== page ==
Privacy & License
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Google+ and data portability
While following the activity of tech industry folks and celebrities on Google+ might lead you to believe that Google’s new social network is a sort of long-form Twitter, where users pontificate for a public audience, Google says that’s not the case. (Seriously, watching the volume and speed of comments on new posts by Myspace founder and Google+’s leading armchair critic Tom Anderson is simply insane.) In fact, Google+ users are two to three times more likely to share privately with one of their Circles than post publicly, Google revealed for a profile in the San Jose Mercury News . (The Merc article talks about “general” posts, but Google+ commander Vic Gundotra clarified that this means “public” posts.)
Are we giving up too much control of our online identities? Photograph: Alicia Canter for the Observer It took almost no time after the beta launch of Google+ , the search and advertising giant's new social media experiment, before someone posted a web browser plug-in to help users scoop up their Facebook contacts and automatically invite them into the early adopters' cool new playground.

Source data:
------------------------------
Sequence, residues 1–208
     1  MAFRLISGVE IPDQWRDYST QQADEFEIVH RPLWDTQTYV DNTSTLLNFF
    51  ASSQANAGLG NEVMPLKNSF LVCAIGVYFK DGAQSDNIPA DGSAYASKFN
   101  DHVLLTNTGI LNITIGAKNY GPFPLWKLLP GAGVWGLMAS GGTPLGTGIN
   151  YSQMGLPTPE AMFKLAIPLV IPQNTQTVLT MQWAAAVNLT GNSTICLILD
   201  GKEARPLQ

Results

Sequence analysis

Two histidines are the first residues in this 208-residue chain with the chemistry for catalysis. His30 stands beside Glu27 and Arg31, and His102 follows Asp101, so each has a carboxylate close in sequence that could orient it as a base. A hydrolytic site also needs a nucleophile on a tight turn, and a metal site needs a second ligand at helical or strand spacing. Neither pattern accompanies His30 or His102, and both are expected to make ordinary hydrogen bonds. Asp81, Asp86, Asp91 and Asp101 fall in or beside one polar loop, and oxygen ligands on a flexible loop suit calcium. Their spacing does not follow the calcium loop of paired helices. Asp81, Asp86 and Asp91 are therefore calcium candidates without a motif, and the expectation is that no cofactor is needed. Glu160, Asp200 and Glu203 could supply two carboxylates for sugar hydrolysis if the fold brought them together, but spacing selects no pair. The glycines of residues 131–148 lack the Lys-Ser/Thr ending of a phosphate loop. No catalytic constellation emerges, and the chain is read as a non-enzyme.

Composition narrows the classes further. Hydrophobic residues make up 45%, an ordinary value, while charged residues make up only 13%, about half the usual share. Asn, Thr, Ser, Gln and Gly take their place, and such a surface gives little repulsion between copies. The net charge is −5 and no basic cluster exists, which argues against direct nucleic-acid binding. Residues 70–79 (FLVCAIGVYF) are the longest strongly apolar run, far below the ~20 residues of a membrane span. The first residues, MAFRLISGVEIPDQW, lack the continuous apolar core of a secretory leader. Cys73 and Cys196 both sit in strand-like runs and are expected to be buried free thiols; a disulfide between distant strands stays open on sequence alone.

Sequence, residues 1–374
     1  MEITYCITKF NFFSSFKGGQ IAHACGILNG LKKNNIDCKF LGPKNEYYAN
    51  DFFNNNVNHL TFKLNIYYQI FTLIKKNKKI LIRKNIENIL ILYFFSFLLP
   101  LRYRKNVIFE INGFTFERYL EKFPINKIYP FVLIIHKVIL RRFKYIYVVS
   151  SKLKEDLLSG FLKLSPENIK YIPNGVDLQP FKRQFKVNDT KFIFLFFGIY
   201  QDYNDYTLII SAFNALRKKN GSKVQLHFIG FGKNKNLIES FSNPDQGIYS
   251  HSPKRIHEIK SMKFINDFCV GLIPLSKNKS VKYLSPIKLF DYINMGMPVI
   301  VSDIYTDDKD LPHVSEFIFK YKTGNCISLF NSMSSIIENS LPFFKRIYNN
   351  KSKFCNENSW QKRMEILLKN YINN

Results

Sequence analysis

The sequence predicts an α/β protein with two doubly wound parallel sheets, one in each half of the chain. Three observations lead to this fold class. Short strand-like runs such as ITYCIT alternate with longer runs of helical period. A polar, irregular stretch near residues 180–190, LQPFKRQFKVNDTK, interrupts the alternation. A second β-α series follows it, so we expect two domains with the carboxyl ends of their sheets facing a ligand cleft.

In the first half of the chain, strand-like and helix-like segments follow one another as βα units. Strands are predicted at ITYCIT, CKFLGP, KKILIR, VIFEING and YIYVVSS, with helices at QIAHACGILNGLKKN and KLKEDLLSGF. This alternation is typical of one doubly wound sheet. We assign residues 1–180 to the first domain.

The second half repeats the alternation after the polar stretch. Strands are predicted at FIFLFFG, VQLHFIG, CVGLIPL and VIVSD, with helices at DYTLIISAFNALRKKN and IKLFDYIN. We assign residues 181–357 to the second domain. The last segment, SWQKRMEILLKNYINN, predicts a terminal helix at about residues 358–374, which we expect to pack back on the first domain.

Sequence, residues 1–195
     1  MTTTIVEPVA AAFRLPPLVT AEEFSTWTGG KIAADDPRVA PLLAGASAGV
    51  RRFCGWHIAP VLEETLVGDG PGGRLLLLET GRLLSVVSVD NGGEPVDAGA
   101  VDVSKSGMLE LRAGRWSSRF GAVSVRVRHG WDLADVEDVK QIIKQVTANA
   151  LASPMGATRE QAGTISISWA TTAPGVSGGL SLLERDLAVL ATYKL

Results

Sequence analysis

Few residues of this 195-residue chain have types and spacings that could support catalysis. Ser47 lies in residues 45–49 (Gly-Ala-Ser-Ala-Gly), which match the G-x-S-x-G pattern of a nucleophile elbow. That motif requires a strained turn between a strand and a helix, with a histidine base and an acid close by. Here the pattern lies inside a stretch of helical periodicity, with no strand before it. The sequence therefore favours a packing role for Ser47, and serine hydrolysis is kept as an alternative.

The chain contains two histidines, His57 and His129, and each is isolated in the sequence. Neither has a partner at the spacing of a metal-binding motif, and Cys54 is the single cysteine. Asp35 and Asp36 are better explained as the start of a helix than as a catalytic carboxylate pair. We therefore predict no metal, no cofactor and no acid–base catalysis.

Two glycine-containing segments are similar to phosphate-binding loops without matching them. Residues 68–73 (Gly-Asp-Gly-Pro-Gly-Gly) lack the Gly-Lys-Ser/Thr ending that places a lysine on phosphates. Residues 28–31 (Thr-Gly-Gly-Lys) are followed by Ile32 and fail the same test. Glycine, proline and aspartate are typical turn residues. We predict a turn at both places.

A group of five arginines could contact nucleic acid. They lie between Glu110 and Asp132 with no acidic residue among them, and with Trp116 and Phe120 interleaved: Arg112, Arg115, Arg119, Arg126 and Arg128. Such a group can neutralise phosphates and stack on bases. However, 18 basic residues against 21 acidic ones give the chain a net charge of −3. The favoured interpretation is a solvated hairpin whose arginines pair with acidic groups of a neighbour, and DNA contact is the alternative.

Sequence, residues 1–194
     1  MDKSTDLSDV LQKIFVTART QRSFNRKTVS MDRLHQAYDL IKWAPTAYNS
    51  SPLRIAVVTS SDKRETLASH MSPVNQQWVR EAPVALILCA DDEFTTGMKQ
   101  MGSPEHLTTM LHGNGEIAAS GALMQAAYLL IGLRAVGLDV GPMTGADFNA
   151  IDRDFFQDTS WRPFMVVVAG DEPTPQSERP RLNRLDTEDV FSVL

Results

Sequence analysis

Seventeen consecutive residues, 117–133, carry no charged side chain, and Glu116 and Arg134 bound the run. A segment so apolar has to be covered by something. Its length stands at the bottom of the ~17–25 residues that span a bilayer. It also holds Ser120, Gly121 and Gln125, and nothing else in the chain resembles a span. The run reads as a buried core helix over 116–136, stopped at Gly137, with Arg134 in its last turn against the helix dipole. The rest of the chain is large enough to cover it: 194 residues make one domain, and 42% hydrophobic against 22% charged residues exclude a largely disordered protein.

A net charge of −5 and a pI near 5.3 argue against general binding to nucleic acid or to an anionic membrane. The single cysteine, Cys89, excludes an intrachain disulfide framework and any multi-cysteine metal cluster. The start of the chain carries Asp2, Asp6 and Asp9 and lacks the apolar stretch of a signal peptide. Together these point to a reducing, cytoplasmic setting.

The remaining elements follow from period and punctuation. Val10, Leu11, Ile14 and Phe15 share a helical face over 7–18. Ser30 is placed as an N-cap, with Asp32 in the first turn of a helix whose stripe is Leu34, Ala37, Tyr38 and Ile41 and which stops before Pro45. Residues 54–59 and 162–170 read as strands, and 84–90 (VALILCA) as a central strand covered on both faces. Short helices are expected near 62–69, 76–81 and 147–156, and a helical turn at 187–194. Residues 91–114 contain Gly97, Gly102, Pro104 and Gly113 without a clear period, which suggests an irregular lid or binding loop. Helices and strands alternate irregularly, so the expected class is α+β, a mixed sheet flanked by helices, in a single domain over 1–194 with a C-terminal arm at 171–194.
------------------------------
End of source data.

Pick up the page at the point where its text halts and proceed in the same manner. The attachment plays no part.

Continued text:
These photos, taken from my Google+ account, are now able to be “reproduced, adapted, modified, translated, published, publicly performed, and publicly displayed.” (Image from Google+) Since Google+, Google’s answer to social networking, came out a week and a half ago, there’s been much talk about the new possibilities it has introduced, whether it can really beat out Facebook, and how to get that elusive invite. But the dangers of joining Google+ have not yet been fully explored. How far will Google go with targeted advertising? What will be the implications for our privacy?
While Google's new social network, Google+, is barely a week old, it's already received a lot of attention from tech pundits and the social media community. And as with any new online service, understanding how to control your information is essential. While Google's new social network, Google+ , is barely a week old, it's already received a lot of attention from tech pundits and the social media community. And as with any new online service, understanding how to control your information is essential. Here's a look at five important Google+ privacy settings that let you manage who can email you directly, how you're notified of Google+ actions, how to disable the Google+ service, and more. 1.
By Amir Efrati and Tom Loftus Here we go again. With the public launch of Google’s social network slated for the near future, users will soon have a new set of privacy settings to puzzle over. Google’s last social-networking attempt, called Buzz, blew up in its face over a privacy issue.
It's difficult to keep personal information off the web. Most people belong to social networks, post pictures, write blogs, or have personal or professional sites. But this doesn't mean that you always want this information to appear in search results. Below are some recommendations for controlling your reputation online.